Dr Aisha K Gill's pioneering research on violence against women, 'honour' crimes and forced marriage has improved support for victims, raised awareness and enabled better prevention strategies and the successful prosecution of perpetrators.

Impacts

  • Dr Gill's research has helped to develop legislation and national policy including the Forced Marriage (Civil Protection) Act (2007), the National Police Honour-Based Strategy and two-year action plan (2008-2010) and the criminalisation of forced marriage under the 2014 Anti-Social Behaviour Crime and Policing Act.
  • The NHS, Department for Education, and third sector and voluntary organisations have used Dr Gill’s research to develop good practice guidelines, improving their engagement with victims and their families as well as perpetrators. For example, in 2013, she developed a safeguarding toolkit for Birmingham's Women's Aid to help to identify forced marriage and assess the risk factors.
  • Dr Gill has acted both nationally and internationally as an expert witness for various jurisdictions, including the Shafilea Ahmed murder case (R v Ahmed and Ahmed 2012).
  • In 2015, Dr Gill was invited to join Her Majesty's Inspectorate of Constabulary (HMIC) Expert reference Group on Honour-Based Violence and is advising on how the police deal with 'honour' crimes, forced marriage and female genital mutilation.

"We consulted with Dr Gill at a very early stage in the investigation of the disappearance and murder of Shafilea Ahmed. She provided invaluable advice on the cultural issues and was used as an expert in the prosecution... Her level of expertise is unrivalled." (Detective Superintendent Geraint Jones, Crime Operations, Cheshire Police)

About the research

Over the past 17 years, Dr Gill of the University of Roehampton has brought the issue of violence against women and girls in black, minority ethnic and refugee communities out of the shadows. She has helped to shape local, national and international policymaking and practice related to violence against women, in particular, the issues of 'honour' crimes and forced marriage, which affect over 1,000 women and girls every year in the UK.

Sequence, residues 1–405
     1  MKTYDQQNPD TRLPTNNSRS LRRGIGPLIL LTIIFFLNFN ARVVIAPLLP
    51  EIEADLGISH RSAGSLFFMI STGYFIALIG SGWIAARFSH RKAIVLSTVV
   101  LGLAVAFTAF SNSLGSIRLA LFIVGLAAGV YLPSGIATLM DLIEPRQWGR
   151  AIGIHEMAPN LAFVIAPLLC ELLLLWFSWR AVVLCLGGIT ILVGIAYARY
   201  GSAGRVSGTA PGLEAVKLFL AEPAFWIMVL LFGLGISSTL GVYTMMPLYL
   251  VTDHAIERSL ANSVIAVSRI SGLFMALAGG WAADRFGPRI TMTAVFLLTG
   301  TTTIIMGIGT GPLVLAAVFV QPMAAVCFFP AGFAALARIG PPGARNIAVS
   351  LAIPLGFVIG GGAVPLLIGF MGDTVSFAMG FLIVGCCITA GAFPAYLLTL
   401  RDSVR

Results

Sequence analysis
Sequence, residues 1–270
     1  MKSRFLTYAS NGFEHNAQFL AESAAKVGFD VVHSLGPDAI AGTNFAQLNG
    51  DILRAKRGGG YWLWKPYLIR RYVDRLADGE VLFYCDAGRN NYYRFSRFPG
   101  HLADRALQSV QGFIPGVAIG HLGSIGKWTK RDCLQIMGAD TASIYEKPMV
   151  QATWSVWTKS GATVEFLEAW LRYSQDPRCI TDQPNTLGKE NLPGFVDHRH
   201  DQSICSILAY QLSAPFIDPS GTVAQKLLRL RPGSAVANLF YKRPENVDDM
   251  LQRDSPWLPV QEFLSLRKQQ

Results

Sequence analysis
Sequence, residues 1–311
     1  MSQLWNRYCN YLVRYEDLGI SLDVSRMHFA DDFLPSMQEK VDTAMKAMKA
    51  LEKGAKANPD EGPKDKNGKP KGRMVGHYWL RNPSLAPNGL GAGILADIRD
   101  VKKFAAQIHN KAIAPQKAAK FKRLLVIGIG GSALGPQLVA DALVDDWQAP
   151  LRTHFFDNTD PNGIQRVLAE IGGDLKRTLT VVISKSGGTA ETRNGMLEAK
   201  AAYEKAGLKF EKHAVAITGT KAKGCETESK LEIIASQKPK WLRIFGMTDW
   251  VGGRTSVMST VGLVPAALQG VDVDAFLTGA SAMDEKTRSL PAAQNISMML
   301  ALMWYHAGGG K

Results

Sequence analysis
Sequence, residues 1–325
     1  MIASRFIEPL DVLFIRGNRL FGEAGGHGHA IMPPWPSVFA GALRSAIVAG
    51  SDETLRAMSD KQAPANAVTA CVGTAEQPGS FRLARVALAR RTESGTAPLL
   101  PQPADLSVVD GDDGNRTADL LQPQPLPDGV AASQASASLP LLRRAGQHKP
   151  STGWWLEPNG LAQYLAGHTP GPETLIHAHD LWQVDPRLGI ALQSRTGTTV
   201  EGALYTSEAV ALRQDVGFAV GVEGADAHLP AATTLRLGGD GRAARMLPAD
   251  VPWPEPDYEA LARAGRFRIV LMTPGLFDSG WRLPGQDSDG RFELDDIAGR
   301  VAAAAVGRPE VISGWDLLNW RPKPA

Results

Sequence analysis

"In 1998, when I started my doctoral research on domestic violence against South Asian women living in East London, the problem of 'honour' violence and forced marriage was far less visible," Dr Gill suggests. "To an extent, people used certain cultural assumptions about black, ethnic and refugee communities to explain, or even justify, the ongoing violation of women's rights."

To challenge such thinking, Dr Gill has developed ground-breaking perspectives and unrivalled expertise in violence against women, enabling the police and criminal justice system to serve the victims and prosecute the perpetrators more effectively. Her expert evidence about so-called 'honour' killings and forced marriage in the case of the disappearance and murder of Shafilea Ahmed contributed to the conviction of the victim's parents for murder in August 2012.

"Improved risk assessment and good practice guidelines as well as more effective police training are now assisting the police, teachers, health workers and social services to fulfil their responsibilities, investigate cases properly, and better support victims and survivors," she explains.